A third valve is located in the common air line portion and it has structure which in a first position will allow air to pass therethrough in a direction toward the air springs and which in a second position will allow air to pass therethrough in a reverse direction and allow it to be exhausted to atmosphere. A flow control valve is located in the common air line portion between the third valve and the pressurized air reservoir for adjusting the time required for the vehicle to be raised up from its front end kneeling position. A flow control valve is also connected to the exhaust outlet of the third valve for adjusting the time required to kneel the front end of the vehicle.

DESCRIPTION OF THE DRAWINGS

FIG. 1 is a schematic illustration of the novel combination load-leveling and kneeling air suspension system;

FIG. 1a is an electrical schematic illustrating how the novel combination load-leveling and kneeling air suspension system is operated; and

FIG. 2 is a top plan view of the novel combination load-leveling and kneeling air suspension system.

DESCRIPTION OF THE PREFERRED EMBODIMENT

Referring now to FIGS. 1 and 2, the novel combination load-leveling and kneeling air suspension system for a vehicle will not be described. The air suspension system is generally designated numeral 12. The air suspension system has a pressurized air reservoir 14 connected to metering or flow control valve 16 through tubing 18 and elbow 20. Metering or flow control valve 16 is adjustable to vary the flow therethrough for varying the amount of time which is necessary to bring the vehicle back up to its traveling height after it has been lowered to its kneeling position.

After the air has passed through metering or flow control valve 16 it travels through nipple 17 into two way valve 19. Depending upon which position two way valve 19 is in, the pressurized air may be allowed to pass therethrough in a direction toward the air spring, or the air will be allowed to pass therethrough from the air spring and into exhaust metering or flow control valve 21. Metering or flow control valve 21 may be adjusted to vary the amount of time that passes during the kneeling operation of the front end of the vehicle when the air springs have the air exhausted therefrom.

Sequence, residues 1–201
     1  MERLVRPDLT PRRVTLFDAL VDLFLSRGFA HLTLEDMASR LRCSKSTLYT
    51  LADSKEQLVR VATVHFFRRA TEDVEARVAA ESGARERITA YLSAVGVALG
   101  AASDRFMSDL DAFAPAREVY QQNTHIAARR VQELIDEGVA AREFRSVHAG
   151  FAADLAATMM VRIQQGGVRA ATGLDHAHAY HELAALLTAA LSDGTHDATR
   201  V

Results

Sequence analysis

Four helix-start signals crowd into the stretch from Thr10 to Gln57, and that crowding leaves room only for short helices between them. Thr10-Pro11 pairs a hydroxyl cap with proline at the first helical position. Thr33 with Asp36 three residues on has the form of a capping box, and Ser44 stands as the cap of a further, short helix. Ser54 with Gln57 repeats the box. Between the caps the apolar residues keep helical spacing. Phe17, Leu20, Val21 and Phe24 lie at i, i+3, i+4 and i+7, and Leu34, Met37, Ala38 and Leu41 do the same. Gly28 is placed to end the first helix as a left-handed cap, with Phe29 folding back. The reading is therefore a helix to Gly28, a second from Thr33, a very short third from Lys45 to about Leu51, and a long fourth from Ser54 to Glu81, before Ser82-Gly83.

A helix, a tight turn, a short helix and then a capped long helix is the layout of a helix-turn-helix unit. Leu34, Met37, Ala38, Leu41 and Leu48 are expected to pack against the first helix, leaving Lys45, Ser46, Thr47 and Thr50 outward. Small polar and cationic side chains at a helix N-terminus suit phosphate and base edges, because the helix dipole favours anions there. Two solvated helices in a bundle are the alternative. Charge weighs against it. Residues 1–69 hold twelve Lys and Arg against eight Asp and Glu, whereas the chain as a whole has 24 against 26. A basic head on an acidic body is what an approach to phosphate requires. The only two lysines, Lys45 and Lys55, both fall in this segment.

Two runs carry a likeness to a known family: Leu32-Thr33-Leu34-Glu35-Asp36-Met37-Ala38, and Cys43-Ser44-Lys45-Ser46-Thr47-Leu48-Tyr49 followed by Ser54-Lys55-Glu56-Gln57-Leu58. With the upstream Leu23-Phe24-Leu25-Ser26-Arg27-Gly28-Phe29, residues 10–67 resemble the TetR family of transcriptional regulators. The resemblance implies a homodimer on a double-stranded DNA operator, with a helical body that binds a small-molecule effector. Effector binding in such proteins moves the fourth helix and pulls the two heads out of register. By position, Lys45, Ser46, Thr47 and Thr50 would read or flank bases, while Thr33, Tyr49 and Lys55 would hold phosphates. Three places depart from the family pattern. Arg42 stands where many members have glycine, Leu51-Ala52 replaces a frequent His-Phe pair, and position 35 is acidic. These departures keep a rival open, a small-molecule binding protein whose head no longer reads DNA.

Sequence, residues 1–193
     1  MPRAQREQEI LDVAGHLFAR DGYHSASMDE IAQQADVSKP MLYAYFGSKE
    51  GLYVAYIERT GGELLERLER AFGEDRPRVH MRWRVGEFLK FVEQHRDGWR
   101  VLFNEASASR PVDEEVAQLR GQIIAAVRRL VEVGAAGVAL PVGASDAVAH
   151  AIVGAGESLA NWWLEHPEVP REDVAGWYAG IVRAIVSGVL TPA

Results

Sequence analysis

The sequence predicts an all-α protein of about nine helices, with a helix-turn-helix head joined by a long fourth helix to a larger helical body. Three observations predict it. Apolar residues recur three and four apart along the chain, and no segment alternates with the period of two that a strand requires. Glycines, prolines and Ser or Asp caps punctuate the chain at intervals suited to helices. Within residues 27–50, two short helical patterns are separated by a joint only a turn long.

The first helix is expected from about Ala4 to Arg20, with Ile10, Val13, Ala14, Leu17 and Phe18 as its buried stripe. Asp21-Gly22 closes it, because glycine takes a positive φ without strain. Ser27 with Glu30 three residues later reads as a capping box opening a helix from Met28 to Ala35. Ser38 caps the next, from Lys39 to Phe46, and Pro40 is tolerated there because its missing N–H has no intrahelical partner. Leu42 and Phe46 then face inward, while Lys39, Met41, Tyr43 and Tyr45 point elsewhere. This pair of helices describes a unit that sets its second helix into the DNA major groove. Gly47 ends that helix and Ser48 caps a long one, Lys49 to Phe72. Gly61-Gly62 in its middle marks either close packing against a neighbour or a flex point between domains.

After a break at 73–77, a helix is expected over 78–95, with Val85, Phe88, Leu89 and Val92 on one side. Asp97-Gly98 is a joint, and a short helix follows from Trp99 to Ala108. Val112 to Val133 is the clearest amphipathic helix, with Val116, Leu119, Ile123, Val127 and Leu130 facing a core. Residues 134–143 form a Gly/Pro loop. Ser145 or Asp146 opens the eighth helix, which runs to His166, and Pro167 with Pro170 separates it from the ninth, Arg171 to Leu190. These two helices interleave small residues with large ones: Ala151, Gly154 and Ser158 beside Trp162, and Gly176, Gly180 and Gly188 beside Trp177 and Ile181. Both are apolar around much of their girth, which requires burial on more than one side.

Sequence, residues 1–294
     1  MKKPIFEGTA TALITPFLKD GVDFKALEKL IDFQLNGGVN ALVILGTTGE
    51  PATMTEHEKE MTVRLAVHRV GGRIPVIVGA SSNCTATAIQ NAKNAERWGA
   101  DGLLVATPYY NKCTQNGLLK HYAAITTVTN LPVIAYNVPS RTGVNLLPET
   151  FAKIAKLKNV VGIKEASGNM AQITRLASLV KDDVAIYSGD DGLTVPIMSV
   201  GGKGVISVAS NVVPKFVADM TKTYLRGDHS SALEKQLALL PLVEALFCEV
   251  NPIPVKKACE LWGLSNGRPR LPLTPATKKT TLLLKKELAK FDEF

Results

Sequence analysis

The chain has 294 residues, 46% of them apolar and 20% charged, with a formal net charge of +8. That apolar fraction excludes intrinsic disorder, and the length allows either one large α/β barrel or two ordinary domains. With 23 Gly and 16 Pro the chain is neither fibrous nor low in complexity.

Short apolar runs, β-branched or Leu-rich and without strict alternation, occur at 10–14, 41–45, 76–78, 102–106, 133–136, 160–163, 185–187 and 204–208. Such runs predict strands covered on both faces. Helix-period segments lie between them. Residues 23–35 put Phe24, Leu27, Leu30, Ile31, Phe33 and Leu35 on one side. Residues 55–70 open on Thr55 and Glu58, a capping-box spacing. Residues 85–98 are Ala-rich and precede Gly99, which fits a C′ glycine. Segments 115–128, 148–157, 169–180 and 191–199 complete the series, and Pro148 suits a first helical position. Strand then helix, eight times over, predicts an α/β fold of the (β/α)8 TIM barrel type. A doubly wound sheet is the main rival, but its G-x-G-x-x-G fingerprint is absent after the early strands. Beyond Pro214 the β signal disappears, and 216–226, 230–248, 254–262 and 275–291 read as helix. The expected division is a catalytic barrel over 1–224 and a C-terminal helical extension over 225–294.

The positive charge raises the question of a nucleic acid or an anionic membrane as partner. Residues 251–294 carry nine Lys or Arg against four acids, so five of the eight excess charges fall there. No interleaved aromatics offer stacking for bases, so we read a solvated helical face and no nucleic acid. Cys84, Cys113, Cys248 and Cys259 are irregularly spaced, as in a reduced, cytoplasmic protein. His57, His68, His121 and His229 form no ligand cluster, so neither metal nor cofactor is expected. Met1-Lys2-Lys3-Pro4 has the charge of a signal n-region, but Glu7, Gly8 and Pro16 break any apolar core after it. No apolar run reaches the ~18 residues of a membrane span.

Coupled to two-way valve 19 is an elbow 22, tubing 24, and a T-coupling 26. Extending from one end of T-coupling 26 is a nipple 27 that is connected to check valve 28. The other end of T-coupling 26 is connected to another T-coupling 30 whose opposite ends are connected to two-way valves 32 and 33 respectively. Tubing 35 connects two-way valve 32 to air spring 36 and tubing 37 connects two-way valve 33 to air spring 38.

Check valve 28 is connected through elbow 40 and tubing 42 to load-leveling valve 46. Load-leveling valve 46 is a three-way valve having a first position which will shut off the flow of air through the valve, a second position that will allow air to pass therethrough in a direction towards the isolation valve 50 and a third position which will allow air to pass therethrough from the isolation valve 50 and allow this air to be exhausted to atmosphere. Tubing 48 connects load-leveling valve 46 and isolation valve 50. The isolation valve 50 is in turn connected through tubing 52 and 54 to air springs 36 and 38 respectively.